RE: Meals and Dietary Preferences & Requirements
From: Dahako (Dahakoaol.com)
Date: Tue, 3 Jul 2001 09:52:01 -0600 (MDT)
Hi all-

We often joke that the one thing our group members have in common is food.  
Still, accommodating food preferences has been an issue for us, too, cycling up 
and down emotionally over time and with membership and food preference changes 
within the group.  We also had an issue early on with a division of opinion 
about whether common meals should be "special" meals or everyday food. (The 
answer to that one turned out to be some of each.)

The most important thing to me about the shared meal tradition is not how you 
accommodate preferences, or how well you cook or menu plan, or whether it all 
looks pretty and tastes heavenly.  These are good to do and I do try to do 
them.  To me, though, what matters is to make your guests, your friends, your 
neighbors, feel welcome and to give them the gift of knowing the hospitality of 
the whole community is extended to them. That's what makes a meal a joy to make 
and serve and eat and clean up after. That's what makes your community stronger.

 When I joined the Eno Commons group in 1996, it had a pre-existing commitment 
to always have at least a vegetarian option at every community meal.  Because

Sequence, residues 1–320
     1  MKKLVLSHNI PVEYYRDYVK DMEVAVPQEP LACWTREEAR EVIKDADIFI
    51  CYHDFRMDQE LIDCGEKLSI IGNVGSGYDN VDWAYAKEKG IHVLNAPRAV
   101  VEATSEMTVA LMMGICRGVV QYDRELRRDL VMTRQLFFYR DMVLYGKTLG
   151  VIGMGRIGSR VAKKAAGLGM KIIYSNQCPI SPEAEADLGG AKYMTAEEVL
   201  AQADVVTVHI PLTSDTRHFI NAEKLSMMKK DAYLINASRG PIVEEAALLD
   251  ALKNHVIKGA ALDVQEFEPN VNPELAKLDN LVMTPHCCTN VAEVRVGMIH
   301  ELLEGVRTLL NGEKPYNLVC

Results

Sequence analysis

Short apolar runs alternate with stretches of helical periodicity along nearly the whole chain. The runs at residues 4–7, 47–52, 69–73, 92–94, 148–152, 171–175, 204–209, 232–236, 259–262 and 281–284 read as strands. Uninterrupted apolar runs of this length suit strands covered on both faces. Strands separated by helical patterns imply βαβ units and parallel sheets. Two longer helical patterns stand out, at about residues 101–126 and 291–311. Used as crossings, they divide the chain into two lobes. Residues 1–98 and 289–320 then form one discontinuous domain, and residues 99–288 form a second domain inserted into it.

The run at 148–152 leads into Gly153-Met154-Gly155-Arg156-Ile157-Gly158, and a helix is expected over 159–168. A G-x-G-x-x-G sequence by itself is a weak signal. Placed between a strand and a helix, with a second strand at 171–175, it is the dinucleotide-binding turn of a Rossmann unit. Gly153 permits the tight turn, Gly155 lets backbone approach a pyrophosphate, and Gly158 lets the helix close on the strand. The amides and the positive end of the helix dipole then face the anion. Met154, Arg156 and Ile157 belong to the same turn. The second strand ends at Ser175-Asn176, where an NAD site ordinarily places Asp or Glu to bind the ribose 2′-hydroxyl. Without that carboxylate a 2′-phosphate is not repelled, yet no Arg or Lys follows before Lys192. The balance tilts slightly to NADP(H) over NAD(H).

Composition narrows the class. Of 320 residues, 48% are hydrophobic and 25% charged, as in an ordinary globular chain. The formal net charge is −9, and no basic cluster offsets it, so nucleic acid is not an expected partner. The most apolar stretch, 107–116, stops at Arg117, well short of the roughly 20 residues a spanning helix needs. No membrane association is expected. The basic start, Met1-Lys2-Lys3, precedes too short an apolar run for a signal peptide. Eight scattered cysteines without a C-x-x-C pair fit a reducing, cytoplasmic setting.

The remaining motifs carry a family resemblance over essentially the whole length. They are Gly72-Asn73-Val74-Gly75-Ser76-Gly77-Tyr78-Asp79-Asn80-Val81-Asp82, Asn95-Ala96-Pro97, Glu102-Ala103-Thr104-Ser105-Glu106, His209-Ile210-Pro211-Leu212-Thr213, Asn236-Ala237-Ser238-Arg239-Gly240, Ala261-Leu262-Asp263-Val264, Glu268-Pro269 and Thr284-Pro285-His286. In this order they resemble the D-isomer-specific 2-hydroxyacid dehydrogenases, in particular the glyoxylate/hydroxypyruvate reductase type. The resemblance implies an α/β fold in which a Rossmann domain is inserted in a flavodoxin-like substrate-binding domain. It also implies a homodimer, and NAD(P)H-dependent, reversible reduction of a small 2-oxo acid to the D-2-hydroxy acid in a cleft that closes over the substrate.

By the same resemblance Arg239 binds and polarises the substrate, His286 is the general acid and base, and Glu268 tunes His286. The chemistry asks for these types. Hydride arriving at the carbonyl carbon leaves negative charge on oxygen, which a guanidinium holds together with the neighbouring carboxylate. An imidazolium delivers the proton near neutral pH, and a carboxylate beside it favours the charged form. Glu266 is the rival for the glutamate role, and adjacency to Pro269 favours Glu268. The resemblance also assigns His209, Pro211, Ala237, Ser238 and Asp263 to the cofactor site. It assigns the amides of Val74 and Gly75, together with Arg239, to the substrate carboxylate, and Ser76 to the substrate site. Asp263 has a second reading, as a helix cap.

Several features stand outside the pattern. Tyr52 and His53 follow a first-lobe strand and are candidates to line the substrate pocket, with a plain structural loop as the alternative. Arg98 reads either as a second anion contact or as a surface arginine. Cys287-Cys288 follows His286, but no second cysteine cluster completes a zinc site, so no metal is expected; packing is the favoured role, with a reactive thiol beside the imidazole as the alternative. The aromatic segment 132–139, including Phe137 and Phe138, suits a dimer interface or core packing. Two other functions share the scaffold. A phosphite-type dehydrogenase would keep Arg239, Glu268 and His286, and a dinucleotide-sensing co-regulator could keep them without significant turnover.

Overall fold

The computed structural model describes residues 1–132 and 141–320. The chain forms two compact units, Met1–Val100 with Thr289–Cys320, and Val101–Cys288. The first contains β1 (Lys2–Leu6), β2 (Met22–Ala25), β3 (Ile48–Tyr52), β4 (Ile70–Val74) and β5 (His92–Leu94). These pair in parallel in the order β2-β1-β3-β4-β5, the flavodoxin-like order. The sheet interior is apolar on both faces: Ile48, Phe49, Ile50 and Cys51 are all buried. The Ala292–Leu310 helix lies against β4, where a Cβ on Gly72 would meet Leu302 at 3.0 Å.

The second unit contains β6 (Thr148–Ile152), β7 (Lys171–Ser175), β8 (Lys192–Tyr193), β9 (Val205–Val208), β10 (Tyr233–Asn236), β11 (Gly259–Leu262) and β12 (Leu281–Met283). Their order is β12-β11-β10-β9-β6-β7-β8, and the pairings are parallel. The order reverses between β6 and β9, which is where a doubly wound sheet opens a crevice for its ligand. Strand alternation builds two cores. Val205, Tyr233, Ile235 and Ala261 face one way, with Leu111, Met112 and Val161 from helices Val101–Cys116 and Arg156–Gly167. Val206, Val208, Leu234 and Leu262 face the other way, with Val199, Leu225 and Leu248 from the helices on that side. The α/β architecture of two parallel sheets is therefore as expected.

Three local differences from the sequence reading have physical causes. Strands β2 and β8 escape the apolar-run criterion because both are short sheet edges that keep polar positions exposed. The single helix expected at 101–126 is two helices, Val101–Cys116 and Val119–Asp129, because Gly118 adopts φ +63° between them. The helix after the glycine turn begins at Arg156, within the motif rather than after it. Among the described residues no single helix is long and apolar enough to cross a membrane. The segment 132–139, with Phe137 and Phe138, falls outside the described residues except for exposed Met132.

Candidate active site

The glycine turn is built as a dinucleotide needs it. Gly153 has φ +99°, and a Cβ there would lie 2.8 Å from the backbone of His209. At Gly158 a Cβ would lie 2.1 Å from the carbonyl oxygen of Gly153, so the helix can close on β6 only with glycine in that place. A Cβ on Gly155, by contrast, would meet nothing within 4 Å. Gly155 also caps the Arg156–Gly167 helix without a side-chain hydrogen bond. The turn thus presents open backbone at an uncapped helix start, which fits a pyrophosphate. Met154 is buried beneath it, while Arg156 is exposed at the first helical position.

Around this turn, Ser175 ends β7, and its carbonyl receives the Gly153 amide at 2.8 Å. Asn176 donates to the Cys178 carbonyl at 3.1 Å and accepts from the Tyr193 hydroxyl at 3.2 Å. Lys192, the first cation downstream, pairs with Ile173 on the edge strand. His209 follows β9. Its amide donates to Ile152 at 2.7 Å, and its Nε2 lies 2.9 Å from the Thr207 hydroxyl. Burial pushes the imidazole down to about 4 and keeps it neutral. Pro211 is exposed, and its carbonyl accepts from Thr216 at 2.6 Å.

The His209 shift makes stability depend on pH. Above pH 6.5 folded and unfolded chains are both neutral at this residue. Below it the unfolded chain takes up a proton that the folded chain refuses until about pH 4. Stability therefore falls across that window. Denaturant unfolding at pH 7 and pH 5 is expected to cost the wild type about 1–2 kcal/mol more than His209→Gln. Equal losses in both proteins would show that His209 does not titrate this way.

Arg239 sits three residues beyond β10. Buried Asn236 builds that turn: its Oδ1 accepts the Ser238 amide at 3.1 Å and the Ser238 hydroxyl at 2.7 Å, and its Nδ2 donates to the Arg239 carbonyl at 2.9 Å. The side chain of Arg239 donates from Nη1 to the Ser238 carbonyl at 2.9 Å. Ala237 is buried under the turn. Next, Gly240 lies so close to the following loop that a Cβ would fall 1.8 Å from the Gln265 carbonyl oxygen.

my household is on the vegetarian continuum, I appreciated (and continue to 
appreciate) this commitment. This commitment appeared in some of our literature 
and certainly in many of my marketing spiels (oops! I mean "presentations").   
So people joined with certain expectations. I think we only have three 
vegetarian or vegan households, but every meal has a vegetarian option (or, 
often, a combination of "side" dishes that works out to a whole veg meal) that 
generally gets eaten up as fast as the meat option.  Our sole vegan is 
sometimes out of luck, but he is fortunately comfortable eating what works for 
him and cheerfully reminding people from time to time about his preferences.  I 
think his benevolent flexibility and calm persistence about his beliefs are 
wonderful tools to get cooks to oblige his beliefs.

Other food issues are more thorny and the combination can present quite the 
hospitality challenge.  At least one carnivorous adult member is 
gluten-intolerant.  One adult has a dangerous allergy to any kind of fish.  Two 
kids are deathly allergic to peanuts.  Several have suspected allergies or 
special diets for other reasons.  Three are diabetic.  As a rule, we've banned 
peanuts from the commons house because the kids can't be relied on to keep 
themselves safe. A vegetarian option is always offered anyway, so the fish 
allergy is easy to work around.  The gluten-intolerance is tougher - especially 
with wheat being in most soy sauces, but cooks generally try and sometimes get 
quite creative with menus. We don't always succeed in accommodating different 
preferences, or in feeling hospitable about the neighbors who are making our 
turns at cooking more complicated, but we usually try.  I know I'm here in 
cohousing because I think trying to be a better community member is a more us!
eful and worthy and fulfilling l
ife choice than is closing myself off and getting my own way all the time.  For 
me, participating in common meals is a key expression of that choice.

Jessie Handforth Kome
Eno Commons
Durham, NC
"Where the community garden is mysteriously more verdant on the west side than 
the east and theories abound."

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